ALBANY – As lawmakers try to wrap up bread-and-butter fiscal issues of school funding and tax levels before a new fiscal year starts Saturday, negotiators at the state Capitol are still apart on how 16- and 17-year-olds who commit crimes are handled in the state’s justice system.

The “raise the age” advocates are pushing to end decades of the criminal justice system in New York treating such teenagers as adults instead of as youth in family courts.

Though a subject of debate for years in Albany, raising the age of criminal responsibility is among the side policy issues that, if resolved, could break other logjams this week. It is part of Albany's world of linkages, in which unrelated items are knotted together as part of broader deals not necessarily connected to the state's finances.

Lawmakers say if the crime-related debate is settled to the liking of Assembly Democrats, who have pushed for the changes for more than a decade, it could like resolve snags over legalization of ride-hailing services upstate and lowering business workers compensation expenses – items that Senate Republicans want.

Still unresolved – until the thorniest of issues get settled – is how much state money will be directed to public schools, whether more students will qualify for college tuition assistance and how, or if, lawmakers will wrestle more control from Gov. Andrew M. Cuomo over how the state’s large pot of economic development funds is spent.

There are still big borrowings for water quality improvements on the negotiating table, while life support can be described for a host of proposals, such as Cuomo's effort to have voters approve local cost-savings programs.

The budget, if it is to be approved on time, is due by midnight Friday for the April 1 fiscal year start. As often happens in Albany in the final week, hallway chatter from lawmakers and lobbyists alike is split whether talks will conclude this week. One option: a series of “extender” budget measures, in part, to wait for more clarity from Washington on a range of possible federal cuts that could affect the state’s finances. About one-third of the state budget, in one way or another, is federally funded.

Cuomo for two months has said his budget plan did not include contingencies for possible federal cuts because of the uncertainty over what Washington might reduce to the states. On Monday, in a NY1 interview, Cuomo amended that somewhat, saying possible federal spending cuts have presented the state budget talks with "a new problem." He said he is not willing to okay a budget "that spends more money than we have a reasonable expectation of collecting.'' Cuomo, though, did not elaborate what precisely that means for the final state spending plan.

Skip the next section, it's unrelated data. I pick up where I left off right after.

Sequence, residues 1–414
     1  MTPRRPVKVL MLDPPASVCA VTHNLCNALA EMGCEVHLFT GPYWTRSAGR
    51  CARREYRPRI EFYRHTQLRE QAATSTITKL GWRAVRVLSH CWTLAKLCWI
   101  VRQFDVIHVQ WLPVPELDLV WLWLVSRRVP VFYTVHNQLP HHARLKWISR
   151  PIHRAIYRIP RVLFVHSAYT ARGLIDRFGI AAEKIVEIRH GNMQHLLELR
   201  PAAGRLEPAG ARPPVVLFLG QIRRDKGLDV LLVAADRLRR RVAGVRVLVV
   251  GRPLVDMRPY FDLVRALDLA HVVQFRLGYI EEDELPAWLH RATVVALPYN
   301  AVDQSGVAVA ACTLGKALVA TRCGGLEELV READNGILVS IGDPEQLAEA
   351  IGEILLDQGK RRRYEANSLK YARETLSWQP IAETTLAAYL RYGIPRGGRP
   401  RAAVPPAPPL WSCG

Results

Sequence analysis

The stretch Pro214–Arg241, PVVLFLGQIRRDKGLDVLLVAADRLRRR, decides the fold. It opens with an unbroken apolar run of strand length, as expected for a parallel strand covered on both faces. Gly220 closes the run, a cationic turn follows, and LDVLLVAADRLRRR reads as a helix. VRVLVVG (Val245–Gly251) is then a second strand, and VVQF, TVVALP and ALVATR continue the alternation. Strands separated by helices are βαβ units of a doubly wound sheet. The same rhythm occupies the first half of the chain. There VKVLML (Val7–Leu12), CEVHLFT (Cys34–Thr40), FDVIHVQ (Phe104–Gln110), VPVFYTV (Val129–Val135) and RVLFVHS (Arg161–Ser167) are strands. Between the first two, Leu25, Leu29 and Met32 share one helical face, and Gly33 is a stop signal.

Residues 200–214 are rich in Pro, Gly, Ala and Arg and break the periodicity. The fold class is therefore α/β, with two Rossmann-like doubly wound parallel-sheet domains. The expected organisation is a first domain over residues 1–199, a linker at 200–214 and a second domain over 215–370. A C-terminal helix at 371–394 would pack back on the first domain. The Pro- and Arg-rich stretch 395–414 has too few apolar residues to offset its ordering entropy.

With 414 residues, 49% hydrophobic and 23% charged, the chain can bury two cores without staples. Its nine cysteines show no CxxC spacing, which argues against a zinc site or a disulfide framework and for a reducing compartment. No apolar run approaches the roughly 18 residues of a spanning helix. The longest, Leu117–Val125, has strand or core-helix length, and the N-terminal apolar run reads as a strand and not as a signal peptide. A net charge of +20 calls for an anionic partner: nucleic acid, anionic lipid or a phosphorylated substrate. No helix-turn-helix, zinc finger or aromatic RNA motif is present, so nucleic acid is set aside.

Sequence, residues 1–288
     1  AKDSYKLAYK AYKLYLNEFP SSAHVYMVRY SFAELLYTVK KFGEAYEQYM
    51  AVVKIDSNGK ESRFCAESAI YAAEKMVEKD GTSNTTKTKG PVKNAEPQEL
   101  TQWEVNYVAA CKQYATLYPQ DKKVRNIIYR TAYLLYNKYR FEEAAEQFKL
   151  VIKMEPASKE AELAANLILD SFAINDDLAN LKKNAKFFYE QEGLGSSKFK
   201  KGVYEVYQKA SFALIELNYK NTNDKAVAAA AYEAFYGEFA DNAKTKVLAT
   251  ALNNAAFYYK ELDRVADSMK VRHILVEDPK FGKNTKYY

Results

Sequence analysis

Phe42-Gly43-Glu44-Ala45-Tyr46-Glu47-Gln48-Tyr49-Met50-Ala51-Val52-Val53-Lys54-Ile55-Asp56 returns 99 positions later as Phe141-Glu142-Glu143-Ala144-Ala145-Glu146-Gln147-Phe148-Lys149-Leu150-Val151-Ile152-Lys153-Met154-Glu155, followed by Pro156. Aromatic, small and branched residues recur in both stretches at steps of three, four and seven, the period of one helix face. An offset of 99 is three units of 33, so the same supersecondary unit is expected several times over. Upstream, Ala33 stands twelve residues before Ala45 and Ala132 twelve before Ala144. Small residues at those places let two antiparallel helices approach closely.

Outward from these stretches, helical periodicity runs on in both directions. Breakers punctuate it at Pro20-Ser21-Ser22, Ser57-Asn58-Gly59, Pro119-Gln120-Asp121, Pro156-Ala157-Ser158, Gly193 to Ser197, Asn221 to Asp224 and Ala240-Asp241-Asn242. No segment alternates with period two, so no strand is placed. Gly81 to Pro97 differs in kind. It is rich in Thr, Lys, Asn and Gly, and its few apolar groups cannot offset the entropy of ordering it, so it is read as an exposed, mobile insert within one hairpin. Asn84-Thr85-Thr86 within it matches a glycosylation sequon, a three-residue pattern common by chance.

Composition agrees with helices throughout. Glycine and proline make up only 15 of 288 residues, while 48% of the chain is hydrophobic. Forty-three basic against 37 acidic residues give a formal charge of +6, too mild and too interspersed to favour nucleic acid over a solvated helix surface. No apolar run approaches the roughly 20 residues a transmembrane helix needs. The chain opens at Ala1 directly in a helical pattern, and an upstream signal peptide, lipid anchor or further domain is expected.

Whether real or just negotiation tactics, the budget-is-going-to-be-tardy talk ran rampant Monday. "I’m not conceding anything,’’ Senate Majority Leader John Flanagan said after emerging from an afternoon closed-door session with Cuomo and Assembly Speaker Carl Heastie. He said there is an “excellent chance” for a timely budget.

Asked earlier in the afternoon how talks are going, Heastie said, “They’re going.’’

Monday was a time for hundreds of lobbyists and dozens of special interest groups to engage in last-ditch efforts to get, or kill, plans in the budget. For a couple of hours, dozens of protesters shut down some entrances to areas of the Capitol, including one door leading to Cuomo’s suite. Twenty-one people, who were demanding more attention and funding for homeless programs, were arrested by troopers.

On the raise the age issue, the Assembly and Senate are split over what would define a violent crime and whether 16- and 17-year-olds charged with such crimes would be tried in family or adult criminal courts. “That’s what the big fight is about. It’s what it’s always been about. Where do they get adjudicated?’’ said Assemblyman Jeffrion Aubry, a Queens Democrat.

Along with North Carolina, New York is one of two states that do not automatically treat 16- and 17-year-olds as youths for the purposes of adjudication. Assembly Democrats want such teenagers sent to the family court system. Senate Republicans say they are willing to send the majority of arrested teens to family court, but want those charged with violent felonies to go through the adult court system.

“I don’t think everybody is in agreement on the definition of what a violent crime is,’’ said Sen. Patrick Gallivan, an Elma Republican and one of the rank-and-file lawmakers involved in the talks.

State records show that a total of 33,000 16- and 17-year-olds were arrested in 2013. Of those, 1,655 were convicted of felony or misdemeanors and 531 of those defendants went to prison. Most of the convictions were for robbery or burglary, with 35 convicted of homicide.

“I’d argue we are already treating them differently,’’ Gallivan said of the 1 percent or so of 16- and 17-year-olds who are sent to state prison on average in a year.

Senate Republicans say 95 percent of those arrested in that age group would be sent through family courts under their plan.

Gallivan called the definition of what is a violent crime a “threshold issue” in the negotiations.

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